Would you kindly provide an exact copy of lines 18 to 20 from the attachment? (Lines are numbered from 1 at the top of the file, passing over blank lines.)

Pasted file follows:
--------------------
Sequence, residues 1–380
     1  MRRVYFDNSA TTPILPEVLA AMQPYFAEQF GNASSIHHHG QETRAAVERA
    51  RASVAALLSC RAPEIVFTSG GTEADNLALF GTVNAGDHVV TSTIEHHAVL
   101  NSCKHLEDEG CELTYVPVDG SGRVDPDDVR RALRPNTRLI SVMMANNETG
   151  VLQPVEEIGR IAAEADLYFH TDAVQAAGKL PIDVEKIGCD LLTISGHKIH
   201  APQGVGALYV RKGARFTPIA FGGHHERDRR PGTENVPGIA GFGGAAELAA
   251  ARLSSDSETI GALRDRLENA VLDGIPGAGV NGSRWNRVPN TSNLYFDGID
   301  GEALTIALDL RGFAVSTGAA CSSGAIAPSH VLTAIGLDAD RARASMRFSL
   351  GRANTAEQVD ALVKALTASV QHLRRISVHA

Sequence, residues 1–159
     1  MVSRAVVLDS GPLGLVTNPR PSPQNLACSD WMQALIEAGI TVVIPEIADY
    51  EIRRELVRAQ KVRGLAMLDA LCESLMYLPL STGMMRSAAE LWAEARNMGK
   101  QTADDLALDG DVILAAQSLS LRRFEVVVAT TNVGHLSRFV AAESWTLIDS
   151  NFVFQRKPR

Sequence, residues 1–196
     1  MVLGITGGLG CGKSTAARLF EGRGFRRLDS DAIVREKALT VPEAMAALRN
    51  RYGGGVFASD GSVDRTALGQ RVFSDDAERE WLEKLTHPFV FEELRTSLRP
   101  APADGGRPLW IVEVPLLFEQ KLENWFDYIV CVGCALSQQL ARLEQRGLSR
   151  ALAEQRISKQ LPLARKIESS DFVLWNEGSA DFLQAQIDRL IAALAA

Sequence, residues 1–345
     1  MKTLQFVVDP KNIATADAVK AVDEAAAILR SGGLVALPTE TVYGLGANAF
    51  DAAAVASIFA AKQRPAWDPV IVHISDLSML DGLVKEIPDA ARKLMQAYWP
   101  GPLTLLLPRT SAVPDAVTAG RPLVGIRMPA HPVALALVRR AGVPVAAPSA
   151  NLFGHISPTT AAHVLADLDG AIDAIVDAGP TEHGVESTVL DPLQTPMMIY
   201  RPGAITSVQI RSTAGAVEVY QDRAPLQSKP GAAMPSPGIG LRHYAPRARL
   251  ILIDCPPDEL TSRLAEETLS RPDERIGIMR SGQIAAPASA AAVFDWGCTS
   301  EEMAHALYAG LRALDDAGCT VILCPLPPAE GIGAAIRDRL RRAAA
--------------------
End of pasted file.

   101  APADGGRPLW IVEVPLLFEQ KLENWFDYIV CVGCALSQQL ARLEQRGLSR
   151  ALAEQRISKQ LPLARKIESS DFVLWNEGSA DFLQAQIDRL IAALAA

Sequence, residues 1–345